So tell me whats' happening! Thirty years ago we could not feed the worlds population, so we were told (wheat prices went through the roof, farmers bought it and borrowed just to go broke). Today we are feeding 30% more people, (so we are told). Farmers are going out of business, the weather is not cooporating and yet we seem to have found more food. The genitics people are really doing a number on us. I wonder how many of them eat their own GMF foods. I have 1/2 acre of land and use to grow some of my own food, but because of the clorine in the water I can't get much out of the garden (so I gave up). And yet these people tells all is fine. Hmmmmmmmmmm..........
-- justthinkin com (firstname.lastname@example.org), January 31, 2000.
Just a quick note, if you run city water into open containers(tubs, barrels, etc...) and let it sit for a few days the chlorine will "outgas" and/or react with stuff in the water and settle out.
Greater % chance is soil balance problems.(PH, plant matter, trace mineral, etc...) Try to "read your weeds", the type and performance will tell you what the soil is "doing".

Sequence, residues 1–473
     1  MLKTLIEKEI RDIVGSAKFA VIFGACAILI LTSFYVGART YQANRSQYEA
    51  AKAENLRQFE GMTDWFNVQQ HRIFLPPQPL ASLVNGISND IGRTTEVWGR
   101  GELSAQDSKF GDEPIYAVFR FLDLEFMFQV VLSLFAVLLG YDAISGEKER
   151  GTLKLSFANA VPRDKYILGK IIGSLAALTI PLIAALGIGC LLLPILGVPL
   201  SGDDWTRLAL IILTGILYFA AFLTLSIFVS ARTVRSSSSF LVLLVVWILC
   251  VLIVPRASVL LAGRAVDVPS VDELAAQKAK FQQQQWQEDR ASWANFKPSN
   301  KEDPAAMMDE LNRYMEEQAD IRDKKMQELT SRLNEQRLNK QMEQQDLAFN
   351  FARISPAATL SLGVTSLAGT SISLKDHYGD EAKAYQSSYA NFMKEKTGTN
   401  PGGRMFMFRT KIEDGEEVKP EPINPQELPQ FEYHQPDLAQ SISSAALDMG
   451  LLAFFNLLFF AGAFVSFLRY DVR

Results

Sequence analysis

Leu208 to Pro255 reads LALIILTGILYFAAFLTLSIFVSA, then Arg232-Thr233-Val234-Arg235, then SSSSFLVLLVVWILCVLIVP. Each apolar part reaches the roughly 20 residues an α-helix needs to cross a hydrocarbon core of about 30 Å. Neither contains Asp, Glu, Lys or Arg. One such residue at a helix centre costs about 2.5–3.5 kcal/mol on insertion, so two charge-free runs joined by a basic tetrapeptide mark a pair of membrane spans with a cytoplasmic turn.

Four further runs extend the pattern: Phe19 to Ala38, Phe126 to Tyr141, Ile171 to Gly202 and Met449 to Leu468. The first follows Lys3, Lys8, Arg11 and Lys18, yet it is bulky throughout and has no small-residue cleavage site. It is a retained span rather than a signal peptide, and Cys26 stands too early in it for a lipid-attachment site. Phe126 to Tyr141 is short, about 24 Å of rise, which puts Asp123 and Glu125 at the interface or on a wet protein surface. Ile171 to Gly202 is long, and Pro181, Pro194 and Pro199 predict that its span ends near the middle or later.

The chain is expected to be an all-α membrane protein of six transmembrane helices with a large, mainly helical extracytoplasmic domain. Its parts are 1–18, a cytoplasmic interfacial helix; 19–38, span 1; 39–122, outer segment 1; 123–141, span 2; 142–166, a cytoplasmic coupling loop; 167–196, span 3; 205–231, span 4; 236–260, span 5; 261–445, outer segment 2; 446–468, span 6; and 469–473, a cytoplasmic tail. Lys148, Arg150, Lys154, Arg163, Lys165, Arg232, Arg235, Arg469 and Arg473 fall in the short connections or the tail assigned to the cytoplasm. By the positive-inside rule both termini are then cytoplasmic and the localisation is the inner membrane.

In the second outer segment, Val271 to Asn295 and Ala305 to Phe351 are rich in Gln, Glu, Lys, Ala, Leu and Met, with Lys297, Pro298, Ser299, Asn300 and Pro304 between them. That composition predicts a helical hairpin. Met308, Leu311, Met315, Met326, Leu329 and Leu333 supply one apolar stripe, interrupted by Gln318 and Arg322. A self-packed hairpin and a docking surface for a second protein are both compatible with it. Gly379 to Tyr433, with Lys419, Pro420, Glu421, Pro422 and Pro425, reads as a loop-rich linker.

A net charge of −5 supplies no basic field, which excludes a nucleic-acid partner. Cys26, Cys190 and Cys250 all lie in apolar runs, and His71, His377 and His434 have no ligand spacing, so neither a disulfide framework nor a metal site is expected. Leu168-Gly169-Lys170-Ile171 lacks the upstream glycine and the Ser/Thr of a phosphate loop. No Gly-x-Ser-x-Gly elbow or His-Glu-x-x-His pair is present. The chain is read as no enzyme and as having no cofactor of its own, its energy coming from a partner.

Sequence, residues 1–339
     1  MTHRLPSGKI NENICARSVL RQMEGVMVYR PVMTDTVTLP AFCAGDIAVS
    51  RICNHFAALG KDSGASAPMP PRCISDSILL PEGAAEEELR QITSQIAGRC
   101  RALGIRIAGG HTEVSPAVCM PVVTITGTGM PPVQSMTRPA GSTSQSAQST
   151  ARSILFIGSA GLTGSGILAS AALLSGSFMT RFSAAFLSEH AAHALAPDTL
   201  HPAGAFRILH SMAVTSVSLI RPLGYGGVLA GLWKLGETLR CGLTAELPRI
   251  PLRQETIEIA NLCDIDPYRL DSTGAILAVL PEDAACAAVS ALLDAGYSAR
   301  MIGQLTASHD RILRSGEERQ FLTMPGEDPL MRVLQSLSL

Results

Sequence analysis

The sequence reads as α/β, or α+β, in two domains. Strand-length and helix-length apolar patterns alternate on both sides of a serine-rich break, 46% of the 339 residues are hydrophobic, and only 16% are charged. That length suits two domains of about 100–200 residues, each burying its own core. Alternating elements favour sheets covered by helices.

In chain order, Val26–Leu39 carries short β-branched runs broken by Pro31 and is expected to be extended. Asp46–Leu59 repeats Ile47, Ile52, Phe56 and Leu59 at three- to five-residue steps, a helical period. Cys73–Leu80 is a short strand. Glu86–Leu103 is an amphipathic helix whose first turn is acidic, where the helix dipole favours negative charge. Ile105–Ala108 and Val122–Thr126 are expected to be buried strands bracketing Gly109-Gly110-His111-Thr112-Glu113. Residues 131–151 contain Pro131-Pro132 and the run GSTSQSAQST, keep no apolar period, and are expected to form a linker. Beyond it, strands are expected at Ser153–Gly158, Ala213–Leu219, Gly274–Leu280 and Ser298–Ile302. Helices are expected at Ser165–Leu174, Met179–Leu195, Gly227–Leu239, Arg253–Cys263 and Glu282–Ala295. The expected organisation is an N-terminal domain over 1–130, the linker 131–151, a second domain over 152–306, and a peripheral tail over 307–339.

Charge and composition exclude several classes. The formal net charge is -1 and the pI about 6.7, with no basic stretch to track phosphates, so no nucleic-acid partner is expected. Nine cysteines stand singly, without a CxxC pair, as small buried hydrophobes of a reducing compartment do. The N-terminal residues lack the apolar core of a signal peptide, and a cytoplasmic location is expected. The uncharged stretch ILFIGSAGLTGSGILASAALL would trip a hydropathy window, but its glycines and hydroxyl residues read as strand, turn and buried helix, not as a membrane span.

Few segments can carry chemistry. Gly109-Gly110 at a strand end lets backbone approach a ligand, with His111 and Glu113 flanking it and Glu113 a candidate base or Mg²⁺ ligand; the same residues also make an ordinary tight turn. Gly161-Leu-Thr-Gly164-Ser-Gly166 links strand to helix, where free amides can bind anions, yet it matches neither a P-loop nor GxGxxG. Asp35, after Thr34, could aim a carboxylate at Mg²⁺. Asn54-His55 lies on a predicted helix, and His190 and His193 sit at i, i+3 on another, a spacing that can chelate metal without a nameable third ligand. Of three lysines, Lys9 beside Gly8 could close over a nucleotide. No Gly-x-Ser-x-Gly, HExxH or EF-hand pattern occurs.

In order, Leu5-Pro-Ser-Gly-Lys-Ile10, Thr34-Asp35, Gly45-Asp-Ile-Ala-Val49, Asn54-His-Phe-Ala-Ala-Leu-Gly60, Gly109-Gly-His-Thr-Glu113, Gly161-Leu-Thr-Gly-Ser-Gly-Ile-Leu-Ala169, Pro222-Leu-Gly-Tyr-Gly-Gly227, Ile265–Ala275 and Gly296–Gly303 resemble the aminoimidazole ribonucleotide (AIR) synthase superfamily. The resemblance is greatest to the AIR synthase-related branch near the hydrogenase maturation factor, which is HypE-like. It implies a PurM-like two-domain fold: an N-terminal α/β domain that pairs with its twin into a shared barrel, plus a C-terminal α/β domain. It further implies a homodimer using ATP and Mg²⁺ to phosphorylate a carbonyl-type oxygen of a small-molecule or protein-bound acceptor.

Compost, green sand, corn meal, and other organic soil amendments can revive a plot of land and make it flourish.
Hope this helps.
-- Possible Impact (email@example.com), January 31, 2000.
Thanks Possible IMP Justthinkin
-- justthinkin.com (firstname.lastname@example.org), January 31, 2000.
Thanks for this post, Possible Impact and contributing posters.
Here in Australia the socio-economic shift is now triggering political manoeuvres. Mono-agriculture isn't what it is cracked up to be, causing unexpected community dislocation and unfortunate side effects also. (eg Spraying of the huge cotton fields have caused fish kills as reported in the National press last week)
In my regional area a negative population growth is for real. When it was pointed out that it will drastically change the electoral boundaries of rural electorates an attitude change happened. Politicians are passionate about their own survival. You got to love 'em.....hehe.
-- Pieter (email@example.com), January 31, 2000.
Hey Possible-- I tried to e-mail you but your adress as shown here doesn't work. If you want to do some (OT) visiting about the crisis in the land and creative, positive solutions, e-mail me. My adress as shown here is real.
-- Ben Corson (firstname.lastname@example.org), February 01, 2000.
Any organism that is not a clone of its ancestors has been genetically modified in one way or another. The farcical fracas about gm foods is reminiscent of Thomas Edison's scare campaign against Tesla's alternating current. History does repeat, and repeat, and repeat.
-- Jerry B (email@example.com), February 01, 2000.